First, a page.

Senegal: "My Daughter's Becoming Lively Again"

Published on 06 October 2009

Coumba Ba, a 30-year-old mother in Senegal, saw her daughter's health fail alarmingly until fortified wheat rations were provided by WFP.  Photo: WFP/Judith Schuler

Not too long ago Coumba Ba’s baby girl was getting weaker and weaker as diarrhoea and undernutrition sapped her energy. Nutritious food rations, supplied to her mother by WFP, appear to have put her back on course for a healthy, lively childhood.

DAKAR – Coumba Ba didn’t know what to do when her daughter started losing weight, strength and even her will to play. High food prices meant there was no money to buy nutritious food – even getting a daily meal of the local staple millet was a struggle.

“She became weaker and weaker and lost a lot of weight. I did not know what to do,” says the 30-year-old mother. Eventually, when the child’s health deteriorated further, Coumba took her to a health centre in Lougre Thioly, a remote, dry region in the eastern part of Senegal.

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Once there, the child was treated and admitted into a WFP supplementary feeding programme, meaning that the family started to receive specially fortified food rations. 

Lively again

"My little girl changed so much since I received the first food ration earlier this year," Coumba says. "She is finally becoming lively again."

Coumba’s nomadic family lives at the moment in a small hut surrounded by dust. The nearest market is 60 kilometers away, and prices are high.

Malnutrition is a problem in eastern Senegal, especially near the Malian border.  In the Matam area -- according to a joint WFP-UNICEF-Ministry of Health assessment -- the acute malnutrition rate is at 18 percent. Meanwhile, an estimated 40 percent of the West African nation's population are seen living below the poverty line -- calculated by the UN Development Program as subsisting on less than US$1.25 per day.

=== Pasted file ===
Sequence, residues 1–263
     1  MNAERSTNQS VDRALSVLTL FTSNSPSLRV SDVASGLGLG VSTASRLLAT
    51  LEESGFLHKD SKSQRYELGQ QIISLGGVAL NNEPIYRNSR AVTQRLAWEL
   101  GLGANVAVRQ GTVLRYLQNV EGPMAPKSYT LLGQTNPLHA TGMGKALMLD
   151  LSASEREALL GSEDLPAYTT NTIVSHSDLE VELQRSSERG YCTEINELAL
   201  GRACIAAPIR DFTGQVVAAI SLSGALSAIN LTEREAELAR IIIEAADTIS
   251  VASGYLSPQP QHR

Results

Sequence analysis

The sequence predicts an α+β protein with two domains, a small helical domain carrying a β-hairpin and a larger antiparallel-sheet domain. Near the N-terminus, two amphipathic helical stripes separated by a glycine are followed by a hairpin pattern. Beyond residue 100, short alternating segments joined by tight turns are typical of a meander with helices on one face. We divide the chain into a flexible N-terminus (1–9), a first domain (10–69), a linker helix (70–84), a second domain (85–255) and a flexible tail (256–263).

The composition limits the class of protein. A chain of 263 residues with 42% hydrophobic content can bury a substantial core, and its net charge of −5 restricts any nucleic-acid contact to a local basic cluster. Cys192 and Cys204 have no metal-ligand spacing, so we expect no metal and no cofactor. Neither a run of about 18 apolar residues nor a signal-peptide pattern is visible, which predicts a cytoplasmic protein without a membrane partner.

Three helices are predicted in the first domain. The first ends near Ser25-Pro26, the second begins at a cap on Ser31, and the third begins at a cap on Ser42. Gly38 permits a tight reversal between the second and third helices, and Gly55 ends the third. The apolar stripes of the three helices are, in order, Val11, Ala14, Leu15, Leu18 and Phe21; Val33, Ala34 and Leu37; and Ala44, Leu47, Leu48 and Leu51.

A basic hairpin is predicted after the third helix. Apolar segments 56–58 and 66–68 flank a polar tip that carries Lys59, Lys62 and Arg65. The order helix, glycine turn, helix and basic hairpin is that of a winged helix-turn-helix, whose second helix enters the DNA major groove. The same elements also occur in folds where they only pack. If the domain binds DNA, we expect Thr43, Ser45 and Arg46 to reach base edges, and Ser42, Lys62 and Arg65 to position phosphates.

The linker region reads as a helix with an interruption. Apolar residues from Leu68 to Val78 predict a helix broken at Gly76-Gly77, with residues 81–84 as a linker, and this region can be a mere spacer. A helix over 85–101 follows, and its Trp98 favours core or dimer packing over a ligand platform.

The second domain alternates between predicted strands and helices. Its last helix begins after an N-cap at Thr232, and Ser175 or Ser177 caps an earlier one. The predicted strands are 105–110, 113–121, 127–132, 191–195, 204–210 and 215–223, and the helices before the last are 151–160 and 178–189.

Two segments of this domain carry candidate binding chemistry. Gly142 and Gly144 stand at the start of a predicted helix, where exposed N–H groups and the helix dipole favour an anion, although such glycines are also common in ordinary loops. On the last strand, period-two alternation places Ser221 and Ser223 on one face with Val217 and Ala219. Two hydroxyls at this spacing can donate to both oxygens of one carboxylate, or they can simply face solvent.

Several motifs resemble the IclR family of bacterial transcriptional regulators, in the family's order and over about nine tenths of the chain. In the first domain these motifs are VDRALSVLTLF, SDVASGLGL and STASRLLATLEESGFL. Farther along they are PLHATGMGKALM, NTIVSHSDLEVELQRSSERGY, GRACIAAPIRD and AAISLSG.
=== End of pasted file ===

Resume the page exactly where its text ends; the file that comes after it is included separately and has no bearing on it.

Diet of millet

There is scant availability of health services in remote areas. Access to clean drinking water is limited. The daily diet of millet seen in the Ba family is typical of the larger population.

Most of WFP's activities in Senegal are nutrition-related, with supplementary feeding for children under 5 years of age a priority. In cooperation with the government, which has put in place strategies for reducing malnutrition, WFP assists almost one million people.

WFP activities reach pre/primary school children in rural areas; pregnant and lactating women who participate in nutrition awareness sessions; and vulnerable people from highly food insecure rural households.

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about the author

Judith Schuler

Public Information Officer in Ethiopia

Before moving to Ethiopia, Schuler worked for the West Africa Regional Bureau in Senegal.